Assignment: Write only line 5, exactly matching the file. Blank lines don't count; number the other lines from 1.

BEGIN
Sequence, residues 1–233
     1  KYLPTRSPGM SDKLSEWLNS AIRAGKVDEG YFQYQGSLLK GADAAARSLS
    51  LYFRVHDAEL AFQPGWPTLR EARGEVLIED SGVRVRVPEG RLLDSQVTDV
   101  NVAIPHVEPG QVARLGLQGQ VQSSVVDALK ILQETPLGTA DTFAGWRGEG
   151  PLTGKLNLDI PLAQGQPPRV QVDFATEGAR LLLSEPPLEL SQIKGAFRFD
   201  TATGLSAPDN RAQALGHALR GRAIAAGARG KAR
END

   151  PLTGKLNLDI PLAQGQPPRV QVDFATEGAR LLLSEPPLEL SQIKGAFRFD